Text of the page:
By John D. Halamka, MD In my various state, federal, and international roles I interact with a large number of policy makers from the executive and legislative branches of government. I testify to them, write policy papers, and call their support staff frequently. At the moment in our society, there tends to be a general […]
Life as a Health Care CIO
By John D. Halamka, MD Last week the U.S. Food and Drug Administration advised hospitals not to use Hospira’s Symbiq infusion system, concluding that a security vulnerability enables hackers to take remote control of the system. The agency issued the advisory some 10 days after the U.S. Department of Homeland Security warned of the vulnerability […]
By John D. Halamka, MD I’ve often written about the IT strategies of Accountable Care Organizations and the need for a Care Management Medical Record which incorporates EHR data, patient generated data, customer relationship management features, protocols/guidelines and a workflow engine. Although I have yet to see mature products in the marketplace, components are evolving that will fundamentally change […]
Over the past several years I’ve written about the inadequate state of clinical documentation, which is largely unchanged since the days ofOsler, (except for a bit more structure introduced by Larry Weed in the 1970s) and was created for billing/legal purposes not for care coordination.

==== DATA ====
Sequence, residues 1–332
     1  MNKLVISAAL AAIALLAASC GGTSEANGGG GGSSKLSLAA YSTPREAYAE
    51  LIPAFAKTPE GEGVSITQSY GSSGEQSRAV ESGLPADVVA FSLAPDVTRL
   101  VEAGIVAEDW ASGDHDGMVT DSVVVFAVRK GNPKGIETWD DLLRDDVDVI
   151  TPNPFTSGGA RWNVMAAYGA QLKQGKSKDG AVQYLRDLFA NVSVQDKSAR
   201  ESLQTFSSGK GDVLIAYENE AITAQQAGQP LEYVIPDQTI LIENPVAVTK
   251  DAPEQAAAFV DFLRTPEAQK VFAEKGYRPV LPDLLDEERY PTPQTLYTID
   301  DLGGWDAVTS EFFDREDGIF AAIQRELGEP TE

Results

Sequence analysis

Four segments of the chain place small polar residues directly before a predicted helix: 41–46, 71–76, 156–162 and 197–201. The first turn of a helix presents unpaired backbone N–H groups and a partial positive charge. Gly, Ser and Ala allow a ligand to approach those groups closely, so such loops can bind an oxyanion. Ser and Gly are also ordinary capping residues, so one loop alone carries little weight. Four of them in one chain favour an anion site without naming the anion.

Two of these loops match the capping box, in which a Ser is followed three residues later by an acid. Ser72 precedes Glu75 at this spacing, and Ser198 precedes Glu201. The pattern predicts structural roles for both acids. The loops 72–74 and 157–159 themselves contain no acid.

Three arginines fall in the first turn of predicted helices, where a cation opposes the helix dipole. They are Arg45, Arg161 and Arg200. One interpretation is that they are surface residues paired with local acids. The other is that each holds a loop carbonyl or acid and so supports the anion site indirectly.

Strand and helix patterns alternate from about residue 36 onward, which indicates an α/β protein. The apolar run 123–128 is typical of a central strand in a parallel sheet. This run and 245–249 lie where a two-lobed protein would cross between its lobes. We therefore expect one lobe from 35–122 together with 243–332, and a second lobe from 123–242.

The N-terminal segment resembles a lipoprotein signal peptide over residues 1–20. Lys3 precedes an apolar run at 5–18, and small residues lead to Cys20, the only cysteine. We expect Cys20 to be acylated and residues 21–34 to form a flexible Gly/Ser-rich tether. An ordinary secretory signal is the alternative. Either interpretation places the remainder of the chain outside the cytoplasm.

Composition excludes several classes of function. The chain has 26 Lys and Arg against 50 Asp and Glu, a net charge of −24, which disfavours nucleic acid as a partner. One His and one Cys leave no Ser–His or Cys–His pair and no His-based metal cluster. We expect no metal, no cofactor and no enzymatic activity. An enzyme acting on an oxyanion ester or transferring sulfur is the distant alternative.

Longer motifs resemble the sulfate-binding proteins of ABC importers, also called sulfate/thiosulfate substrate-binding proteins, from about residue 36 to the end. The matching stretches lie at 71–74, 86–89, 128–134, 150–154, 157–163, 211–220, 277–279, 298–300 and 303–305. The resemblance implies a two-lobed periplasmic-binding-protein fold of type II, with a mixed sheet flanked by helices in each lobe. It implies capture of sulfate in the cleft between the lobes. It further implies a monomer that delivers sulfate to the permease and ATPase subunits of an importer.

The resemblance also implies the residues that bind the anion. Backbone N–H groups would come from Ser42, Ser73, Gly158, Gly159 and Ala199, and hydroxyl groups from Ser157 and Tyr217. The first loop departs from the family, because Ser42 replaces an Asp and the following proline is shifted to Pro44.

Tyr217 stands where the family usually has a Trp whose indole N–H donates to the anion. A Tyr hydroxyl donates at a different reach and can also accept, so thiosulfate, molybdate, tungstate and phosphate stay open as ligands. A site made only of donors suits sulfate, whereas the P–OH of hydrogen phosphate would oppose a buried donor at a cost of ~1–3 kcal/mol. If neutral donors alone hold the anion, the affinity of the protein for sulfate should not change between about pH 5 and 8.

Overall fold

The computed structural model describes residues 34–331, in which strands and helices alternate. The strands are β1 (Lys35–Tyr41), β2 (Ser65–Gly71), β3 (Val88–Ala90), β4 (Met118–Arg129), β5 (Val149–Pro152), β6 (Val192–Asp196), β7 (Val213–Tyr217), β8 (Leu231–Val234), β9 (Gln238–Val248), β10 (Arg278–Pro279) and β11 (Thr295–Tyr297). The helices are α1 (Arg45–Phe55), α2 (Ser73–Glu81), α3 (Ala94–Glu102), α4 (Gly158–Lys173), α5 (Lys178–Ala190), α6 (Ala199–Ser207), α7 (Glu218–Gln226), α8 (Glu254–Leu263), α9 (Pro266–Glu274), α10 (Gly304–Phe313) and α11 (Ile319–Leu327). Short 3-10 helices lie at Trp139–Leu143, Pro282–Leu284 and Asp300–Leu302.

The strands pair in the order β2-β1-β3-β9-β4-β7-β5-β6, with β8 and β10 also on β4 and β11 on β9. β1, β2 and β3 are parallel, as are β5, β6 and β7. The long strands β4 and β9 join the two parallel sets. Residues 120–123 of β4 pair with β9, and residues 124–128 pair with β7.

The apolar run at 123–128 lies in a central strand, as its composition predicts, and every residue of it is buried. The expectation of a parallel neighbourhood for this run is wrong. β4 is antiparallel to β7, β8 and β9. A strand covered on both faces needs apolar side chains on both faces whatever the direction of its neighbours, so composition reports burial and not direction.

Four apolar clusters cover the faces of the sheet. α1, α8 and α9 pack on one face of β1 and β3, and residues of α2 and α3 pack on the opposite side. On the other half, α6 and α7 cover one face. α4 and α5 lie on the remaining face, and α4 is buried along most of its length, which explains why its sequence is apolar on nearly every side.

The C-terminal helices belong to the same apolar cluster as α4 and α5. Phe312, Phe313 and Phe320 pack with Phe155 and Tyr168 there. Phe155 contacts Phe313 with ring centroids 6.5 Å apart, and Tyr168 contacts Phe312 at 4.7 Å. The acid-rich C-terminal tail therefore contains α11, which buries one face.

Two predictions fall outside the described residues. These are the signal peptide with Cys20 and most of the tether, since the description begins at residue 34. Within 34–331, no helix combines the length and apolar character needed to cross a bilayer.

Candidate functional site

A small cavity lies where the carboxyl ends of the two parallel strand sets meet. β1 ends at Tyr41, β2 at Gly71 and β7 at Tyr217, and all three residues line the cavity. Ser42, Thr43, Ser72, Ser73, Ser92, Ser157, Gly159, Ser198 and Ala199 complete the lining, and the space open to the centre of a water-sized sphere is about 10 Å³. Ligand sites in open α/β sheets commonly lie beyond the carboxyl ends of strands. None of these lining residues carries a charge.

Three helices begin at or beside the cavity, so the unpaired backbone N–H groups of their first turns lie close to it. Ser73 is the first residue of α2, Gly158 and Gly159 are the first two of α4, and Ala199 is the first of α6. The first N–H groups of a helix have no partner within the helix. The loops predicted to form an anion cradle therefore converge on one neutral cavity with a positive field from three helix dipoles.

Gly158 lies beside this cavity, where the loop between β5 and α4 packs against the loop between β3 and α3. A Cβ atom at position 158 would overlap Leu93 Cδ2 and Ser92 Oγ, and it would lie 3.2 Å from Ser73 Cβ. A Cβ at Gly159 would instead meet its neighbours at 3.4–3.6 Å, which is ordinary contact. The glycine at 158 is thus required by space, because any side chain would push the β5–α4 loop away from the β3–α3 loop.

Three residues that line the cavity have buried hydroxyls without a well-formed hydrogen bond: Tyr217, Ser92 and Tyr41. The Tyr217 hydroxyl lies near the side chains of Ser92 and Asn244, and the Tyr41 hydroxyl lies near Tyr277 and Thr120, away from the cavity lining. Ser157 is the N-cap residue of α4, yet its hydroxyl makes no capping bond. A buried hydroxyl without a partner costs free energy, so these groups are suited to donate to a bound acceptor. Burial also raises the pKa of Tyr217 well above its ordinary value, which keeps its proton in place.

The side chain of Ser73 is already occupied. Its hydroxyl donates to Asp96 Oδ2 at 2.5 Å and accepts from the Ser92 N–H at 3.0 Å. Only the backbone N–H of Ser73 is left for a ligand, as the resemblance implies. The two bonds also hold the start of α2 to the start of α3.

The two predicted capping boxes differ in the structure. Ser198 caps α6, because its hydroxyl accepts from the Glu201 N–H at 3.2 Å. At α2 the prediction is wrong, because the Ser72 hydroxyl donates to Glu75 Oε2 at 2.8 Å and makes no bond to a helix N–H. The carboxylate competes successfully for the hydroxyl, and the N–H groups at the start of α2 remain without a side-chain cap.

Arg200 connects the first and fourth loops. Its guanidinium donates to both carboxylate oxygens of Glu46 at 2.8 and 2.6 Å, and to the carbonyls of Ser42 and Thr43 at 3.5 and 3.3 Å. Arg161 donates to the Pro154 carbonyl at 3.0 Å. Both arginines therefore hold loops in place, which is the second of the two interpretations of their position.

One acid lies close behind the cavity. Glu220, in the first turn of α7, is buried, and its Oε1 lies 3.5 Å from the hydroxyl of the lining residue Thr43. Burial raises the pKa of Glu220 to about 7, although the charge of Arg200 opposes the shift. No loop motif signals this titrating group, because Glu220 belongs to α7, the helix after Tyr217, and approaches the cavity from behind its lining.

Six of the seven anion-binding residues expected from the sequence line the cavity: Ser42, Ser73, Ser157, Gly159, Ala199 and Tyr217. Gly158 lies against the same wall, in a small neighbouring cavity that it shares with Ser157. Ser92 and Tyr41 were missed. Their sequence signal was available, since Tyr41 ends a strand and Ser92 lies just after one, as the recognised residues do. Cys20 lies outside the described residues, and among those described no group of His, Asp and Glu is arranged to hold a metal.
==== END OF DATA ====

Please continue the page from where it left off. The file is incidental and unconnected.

EHR causes Ebola! EHRs hold data hostage in stovepiped legacy systems! There is no interoperability in America!
How many headlines have you seen over the past month that are either completely false or a vast oversimplification of complex issues.
As I tell my staff, there is no problem that cannot be morphed into an IT shortcoming.
As with previous years, it’s time to openly publish my conflict of interests, board memberships, advisory board positions, and government activities so that anyone reading my opinions has full transparency.
The federal government has made financial disclosure very easy with the Sunshine Act.
Over the summer, I’ve given many lectures about SMAC – social media, mobile, analytics and cloud computing.
The most popular analytics topics are business intelligence, big data, and novel data visualizations.
Since 1999, Patientsite, the BIDMC shared record between doctor and patient, has enabled patients to track blood pressure, glucometer readings, activities of daily living, mood, pain etc. but few patients have used those features.
Why? Because it requires time and energy to maintain that data.
What if data gathering was entirely passive?